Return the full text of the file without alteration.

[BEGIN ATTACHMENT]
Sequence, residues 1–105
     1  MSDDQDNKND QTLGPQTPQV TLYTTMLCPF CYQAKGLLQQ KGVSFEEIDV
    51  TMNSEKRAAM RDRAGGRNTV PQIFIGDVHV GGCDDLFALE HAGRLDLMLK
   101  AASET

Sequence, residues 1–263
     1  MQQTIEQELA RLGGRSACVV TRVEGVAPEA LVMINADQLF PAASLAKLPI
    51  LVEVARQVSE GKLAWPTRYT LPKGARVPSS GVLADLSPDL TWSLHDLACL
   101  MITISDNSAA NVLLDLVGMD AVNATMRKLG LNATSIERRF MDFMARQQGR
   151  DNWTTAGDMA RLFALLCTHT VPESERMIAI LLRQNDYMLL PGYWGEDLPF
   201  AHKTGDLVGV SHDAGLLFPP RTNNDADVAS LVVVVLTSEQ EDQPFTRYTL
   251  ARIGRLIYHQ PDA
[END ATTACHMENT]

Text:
Sequence, residues 1–105
     1  MSDDQDNKND QTLGPQTPQV TLYTTMLCPF CYQAKGLLQQ KGVSFEEIDV
    51  TMNSEKRAAM RDRAGGRNTV PQIFIGDVHV GGCDDLFALE HAGRLDLMLK
   101  AASET

Sequence, residues 1–263
     1  MQQTIEQELA RLGGRSACVV TRVEGVAPEA LVMINADQLF PAASLAKLPI
    51  LVEVARQVSE GKLAWPTRYT LPKGARVPSS GVLADLSPDL TWSLHDLACL
   101  MITISDNSAA NVLLDLVGMD AVNATMRKLG LNATSIERRF MDFMARQQGR
   151  DNWTTAGDMA RLFALLCTHT VPESERMIAI LLRQNDYMLL PGYWGEDLPF
   201  AHKTGDLVGV SHDAGLLFPP RTNNDADVAS LVVVVLTSEQ EDQPFTRYTL
   251  ARIGRLIYHQ PDA